‘She has big dreams’

Video journalism by Liberated T

This article is included in the Autumn 2018 issue of Syria Notes.

Liberated T is a Syrian advocacy campaign aiming to change negative gender stereotypes, by focusing on Syrian women’s stories, and by exposing gender based violations in their daily life.

The campaign’s output includes a compelling series of short document­ary videos surveying popular opinion on gender issues. Made by a small permanent team, and some frequent collaborators, these short films try to show ways in which many of the Syrian public see women-related issues, and how gender roles and double standards are imposed on women who are still regarded as dependants.

In contrast, the videos featured below are interviews with individual women pushing against these boundaries. The revolution has brought changes both good and bad for women. ‘Many women got empowered because of the war, while others were weakened even further,’ says Zaina Erhaim, manager at Liberated T. One concern is that the challenges for women, and for the NGOs tackling these issues, may be under-appreciated or forgotten by other Syrians far from these communities.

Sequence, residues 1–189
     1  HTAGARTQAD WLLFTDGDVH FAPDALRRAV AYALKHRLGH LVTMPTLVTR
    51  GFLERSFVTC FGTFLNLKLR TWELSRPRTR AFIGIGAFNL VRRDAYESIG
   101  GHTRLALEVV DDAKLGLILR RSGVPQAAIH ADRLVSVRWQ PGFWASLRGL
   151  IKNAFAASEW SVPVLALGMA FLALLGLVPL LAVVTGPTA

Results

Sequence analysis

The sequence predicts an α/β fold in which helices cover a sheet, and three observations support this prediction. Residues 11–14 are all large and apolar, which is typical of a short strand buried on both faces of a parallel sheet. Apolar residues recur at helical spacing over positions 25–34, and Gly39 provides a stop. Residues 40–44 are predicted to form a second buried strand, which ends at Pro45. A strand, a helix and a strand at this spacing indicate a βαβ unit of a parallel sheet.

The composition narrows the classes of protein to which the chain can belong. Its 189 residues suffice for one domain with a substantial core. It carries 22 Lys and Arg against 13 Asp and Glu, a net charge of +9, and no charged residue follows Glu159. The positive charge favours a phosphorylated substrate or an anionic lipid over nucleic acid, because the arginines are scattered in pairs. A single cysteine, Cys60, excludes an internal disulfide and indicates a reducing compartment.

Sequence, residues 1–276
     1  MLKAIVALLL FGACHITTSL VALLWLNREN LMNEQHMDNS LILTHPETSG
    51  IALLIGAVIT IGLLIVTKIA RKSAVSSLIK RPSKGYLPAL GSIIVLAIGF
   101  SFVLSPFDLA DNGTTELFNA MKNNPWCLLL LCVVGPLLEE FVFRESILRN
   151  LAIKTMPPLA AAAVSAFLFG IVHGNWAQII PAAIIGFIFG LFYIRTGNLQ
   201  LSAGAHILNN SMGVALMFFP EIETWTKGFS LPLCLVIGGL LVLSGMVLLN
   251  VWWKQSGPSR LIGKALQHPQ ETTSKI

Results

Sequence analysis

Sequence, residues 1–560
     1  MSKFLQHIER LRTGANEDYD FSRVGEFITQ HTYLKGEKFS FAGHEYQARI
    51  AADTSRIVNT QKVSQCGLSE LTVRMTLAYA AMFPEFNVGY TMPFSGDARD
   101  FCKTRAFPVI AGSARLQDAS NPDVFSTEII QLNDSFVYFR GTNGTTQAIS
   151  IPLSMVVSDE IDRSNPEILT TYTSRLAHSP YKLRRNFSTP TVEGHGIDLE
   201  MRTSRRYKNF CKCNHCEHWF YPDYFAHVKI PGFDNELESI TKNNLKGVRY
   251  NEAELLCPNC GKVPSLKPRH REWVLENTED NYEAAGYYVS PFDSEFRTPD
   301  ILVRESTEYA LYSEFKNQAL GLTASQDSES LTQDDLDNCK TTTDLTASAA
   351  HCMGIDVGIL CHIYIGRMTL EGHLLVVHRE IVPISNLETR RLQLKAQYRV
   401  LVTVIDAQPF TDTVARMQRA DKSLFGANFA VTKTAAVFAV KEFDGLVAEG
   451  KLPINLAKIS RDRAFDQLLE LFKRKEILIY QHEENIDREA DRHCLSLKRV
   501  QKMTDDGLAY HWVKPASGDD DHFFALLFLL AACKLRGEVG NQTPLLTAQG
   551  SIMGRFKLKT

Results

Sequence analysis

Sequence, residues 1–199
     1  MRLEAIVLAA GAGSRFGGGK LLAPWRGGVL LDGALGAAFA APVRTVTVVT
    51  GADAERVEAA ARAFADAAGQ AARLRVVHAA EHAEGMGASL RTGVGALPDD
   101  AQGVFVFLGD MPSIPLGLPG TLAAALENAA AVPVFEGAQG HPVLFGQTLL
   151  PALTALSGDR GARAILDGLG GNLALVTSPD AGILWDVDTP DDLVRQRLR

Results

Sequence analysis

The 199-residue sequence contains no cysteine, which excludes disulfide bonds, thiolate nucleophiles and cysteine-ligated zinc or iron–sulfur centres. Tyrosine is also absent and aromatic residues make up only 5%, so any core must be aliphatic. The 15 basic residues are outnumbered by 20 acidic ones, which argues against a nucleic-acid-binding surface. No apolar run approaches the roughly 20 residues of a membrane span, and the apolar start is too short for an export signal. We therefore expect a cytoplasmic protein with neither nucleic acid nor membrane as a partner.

While the campaign has received supportive and encouraging responses, it has also been met with threatening and bullying attacks. But the name of their campaign suggests they won’t be silenced: it comes from the ‘quiet T’ that in standard Arabic language is added to a verb to make it feminine, and so the campaign’s ‘Liberated T’ is a feminine T that is not content to remain quiet.

More of their short films can be found via the Liberated T website at www.liberated-t.com, and on their YouTube channel, Facebook page, and Twitter account.

Video interview with Joudy Arsh, media activist:

‘My name is Joudy Arsh. I am twenty-four years old, from Homs city.

‘I started working in media in 2013, after being detained in 2012, and I was summoned for interrogation again after a little while. I had no choice but to continue working with the revolution through media.
‘I started working with local coordination bodies. At the time the Syrian media did not have the level of outreach it enjoys today. Then I started working with Reuters, I became a reporter in my town, and after that I worked as a reporter for Orient News, and also I worked for Anadolu News Agency.